Stop Dog Running Away From Me After Getting Treat

by Isaiah Dahingo

My puppy is a Jack Russell and when I say sit he obeys so i give him treats. Then when he gets it he runs away to eat it far from me, what should i do?

Editor Suggestion on Working With a Dog That Runs Away From You After Getting a Treat

Sure, I'd be happy to provide some advice on this situation!

First, let's understand the behavior. When your Jack Russell puppy runs away with the treat, it's likely because he's exhibiting a natural dog behavior called 'resource guarding.' In the wild, dogs would take their food away to a safe spot to eat, where other animals can't steal it. Your puppy isn't necessarily being disobedient; he's just following his instincts.

Now, onto how to adjust this behavior:

Creating a Safe Space: The first step is to create a safe eating space for your puppy. This could be a quiet corner or his crate. Each time you give him a treat, guide him to this safe space. He will soon start associating this spot with eating, which could minimize the running away.

Practice 'Stay' Command: While teaching him to sit is a great start, you also need to train him on the 'stay' command. This will help him learn to stay put even after you give him the treat. Start by teaching him to stay for short periods, gradually increasing the duration. Remember to reward him for
obeying the command.

Hand Feeding: Try hand feeding him some of his treats or even meals. This not only reinforces your role as his food provider but also helps to build trust and bonding. Remember not to force it if he shows discomfort. The idea is to get him comfortable with eating in your presence.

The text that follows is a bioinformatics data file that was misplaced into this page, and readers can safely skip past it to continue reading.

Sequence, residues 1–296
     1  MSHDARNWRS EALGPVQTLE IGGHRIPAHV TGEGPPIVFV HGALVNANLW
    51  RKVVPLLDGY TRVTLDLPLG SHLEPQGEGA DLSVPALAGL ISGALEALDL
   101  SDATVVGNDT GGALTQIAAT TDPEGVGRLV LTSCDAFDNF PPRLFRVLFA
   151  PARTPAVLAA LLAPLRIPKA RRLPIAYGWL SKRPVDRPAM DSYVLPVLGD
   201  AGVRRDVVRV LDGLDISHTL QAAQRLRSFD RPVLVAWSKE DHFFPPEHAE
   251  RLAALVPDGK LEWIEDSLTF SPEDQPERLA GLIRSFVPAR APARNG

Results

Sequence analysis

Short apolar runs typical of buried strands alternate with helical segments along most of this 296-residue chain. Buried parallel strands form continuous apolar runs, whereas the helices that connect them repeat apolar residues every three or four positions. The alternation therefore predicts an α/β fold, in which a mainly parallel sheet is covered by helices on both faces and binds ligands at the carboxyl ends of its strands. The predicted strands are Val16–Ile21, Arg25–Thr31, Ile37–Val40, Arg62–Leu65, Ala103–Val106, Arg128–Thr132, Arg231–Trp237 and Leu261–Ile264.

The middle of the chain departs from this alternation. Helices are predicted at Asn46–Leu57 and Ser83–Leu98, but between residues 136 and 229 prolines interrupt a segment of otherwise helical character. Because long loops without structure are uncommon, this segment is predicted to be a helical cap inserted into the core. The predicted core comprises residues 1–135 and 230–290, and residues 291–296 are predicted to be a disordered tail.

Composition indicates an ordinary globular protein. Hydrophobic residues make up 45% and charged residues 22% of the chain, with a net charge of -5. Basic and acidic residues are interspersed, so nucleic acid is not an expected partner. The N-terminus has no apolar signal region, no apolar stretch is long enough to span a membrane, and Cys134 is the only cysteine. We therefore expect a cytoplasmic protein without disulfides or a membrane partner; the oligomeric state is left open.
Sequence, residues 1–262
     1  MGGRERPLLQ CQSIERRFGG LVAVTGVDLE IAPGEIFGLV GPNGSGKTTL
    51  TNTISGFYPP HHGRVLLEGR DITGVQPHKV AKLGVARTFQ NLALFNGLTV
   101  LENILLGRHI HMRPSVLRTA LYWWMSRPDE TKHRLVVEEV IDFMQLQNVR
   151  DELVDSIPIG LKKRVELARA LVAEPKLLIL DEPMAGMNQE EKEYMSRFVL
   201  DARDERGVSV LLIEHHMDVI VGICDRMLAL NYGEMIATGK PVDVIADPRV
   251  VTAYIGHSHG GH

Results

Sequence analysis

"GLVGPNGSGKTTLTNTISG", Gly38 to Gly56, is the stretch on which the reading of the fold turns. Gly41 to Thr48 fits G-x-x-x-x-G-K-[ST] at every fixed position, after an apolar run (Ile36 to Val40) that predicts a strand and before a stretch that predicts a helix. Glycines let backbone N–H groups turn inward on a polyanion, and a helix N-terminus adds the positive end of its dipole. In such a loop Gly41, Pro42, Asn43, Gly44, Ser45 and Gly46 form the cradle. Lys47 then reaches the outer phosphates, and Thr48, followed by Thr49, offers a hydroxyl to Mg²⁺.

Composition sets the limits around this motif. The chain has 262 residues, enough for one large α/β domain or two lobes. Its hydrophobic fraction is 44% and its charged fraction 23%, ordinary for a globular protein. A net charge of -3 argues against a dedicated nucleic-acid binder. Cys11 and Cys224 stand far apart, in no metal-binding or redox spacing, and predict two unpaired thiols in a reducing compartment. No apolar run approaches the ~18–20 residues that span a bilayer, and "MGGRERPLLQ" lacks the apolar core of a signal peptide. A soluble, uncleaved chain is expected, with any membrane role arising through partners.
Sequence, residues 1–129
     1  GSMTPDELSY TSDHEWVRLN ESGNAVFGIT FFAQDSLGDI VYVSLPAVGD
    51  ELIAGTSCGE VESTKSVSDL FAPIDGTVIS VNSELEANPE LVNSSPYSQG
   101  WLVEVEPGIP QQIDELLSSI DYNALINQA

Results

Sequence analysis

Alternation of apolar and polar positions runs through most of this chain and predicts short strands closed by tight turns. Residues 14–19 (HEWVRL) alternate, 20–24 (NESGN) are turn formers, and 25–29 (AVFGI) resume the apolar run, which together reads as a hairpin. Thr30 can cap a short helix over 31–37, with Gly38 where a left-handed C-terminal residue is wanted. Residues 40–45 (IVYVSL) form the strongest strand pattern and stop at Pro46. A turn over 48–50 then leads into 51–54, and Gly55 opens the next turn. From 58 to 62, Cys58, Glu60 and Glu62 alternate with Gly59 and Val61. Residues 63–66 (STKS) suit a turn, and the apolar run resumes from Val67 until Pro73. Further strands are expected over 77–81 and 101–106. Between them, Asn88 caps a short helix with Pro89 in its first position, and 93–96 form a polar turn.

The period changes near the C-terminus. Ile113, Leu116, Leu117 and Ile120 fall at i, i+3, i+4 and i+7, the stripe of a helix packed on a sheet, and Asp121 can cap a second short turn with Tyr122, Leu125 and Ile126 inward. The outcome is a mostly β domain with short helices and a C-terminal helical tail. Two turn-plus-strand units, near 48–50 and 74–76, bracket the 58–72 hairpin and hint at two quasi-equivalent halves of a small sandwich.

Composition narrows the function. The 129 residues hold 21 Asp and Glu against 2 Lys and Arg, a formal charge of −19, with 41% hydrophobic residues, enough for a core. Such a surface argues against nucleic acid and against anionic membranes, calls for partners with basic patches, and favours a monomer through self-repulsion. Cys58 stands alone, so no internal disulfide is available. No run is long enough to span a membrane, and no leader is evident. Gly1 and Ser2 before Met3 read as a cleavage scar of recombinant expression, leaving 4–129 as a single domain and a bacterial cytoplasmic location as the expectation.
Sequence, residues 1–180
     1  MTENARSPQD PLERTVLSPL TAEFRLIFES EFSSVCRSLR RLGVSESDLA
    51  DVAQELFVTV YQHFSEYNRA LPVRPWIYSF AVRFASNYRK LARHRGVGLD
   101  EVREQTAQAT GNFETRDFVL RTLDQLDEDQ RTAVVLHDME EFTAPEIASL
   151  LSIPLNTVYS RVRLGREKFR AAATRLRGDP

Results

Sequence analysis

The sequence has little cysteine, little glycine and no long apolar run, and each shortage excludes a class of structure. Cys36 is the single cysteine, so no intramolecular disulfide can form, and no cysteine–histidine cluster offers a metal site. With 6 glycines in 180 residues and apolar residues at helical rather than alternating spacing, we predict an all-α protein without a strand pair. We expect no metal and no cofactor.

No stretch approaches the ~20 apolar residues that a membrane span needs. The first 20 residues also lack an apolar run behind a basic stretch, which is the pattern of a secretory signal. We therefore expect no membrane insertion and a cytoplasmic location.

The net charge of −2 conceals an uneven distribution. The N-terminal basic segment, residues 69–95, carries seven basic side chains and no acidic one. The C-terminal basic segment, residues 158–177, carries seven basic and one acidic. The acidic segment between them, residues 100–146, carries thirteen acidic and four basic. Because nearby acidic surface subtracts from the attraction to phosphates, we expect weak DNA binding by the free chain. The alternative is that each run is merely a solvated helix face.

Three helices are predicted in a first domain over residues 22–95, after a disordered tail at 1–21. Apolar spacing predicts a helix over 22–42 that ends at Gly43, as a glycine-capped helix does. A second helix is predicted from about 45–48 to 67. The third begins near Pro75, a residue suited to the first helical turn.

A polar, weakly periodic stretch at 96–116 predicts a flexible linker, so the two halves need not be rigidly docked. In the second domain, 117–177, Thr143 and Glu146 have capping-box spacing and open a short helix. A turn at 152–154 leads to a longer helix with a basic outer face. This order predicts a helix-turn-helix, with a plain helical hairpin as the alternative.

Desensitize and Counter-Conditioning: Gradually get him used to eating around you without running off. Start by standing a little further away than he is comfortable with, then slowly decrease the distance over time as he gets used to your presence. Pair this with positive reinforcement, such as praise or petting if he allows you to be near while he eats.

Avoid Chasing: If your puppy does run away with the treat, avoid chasing him. Chasing can reinforce the behavior, as it could be seen as a fun game, or it could increase his feeling of needing to guard his resource.

Consistent Rules: Consistency is key. Everyone in the household should follow the same rules to avoid confusing your puppy.

Remember that behavior change takes time and patience, and you should always use positive reinforcement techniques. Negative reinforcement or punishment can harm your relationship with your puppy and potentially exacerbate the problem. If the behavior persists or escalates (e.g., your puppy shows signs of aggression), it may be wise to consult with a professional dog trainer or animal behaviorist.

Editor and Publisher
Dog Health Guide

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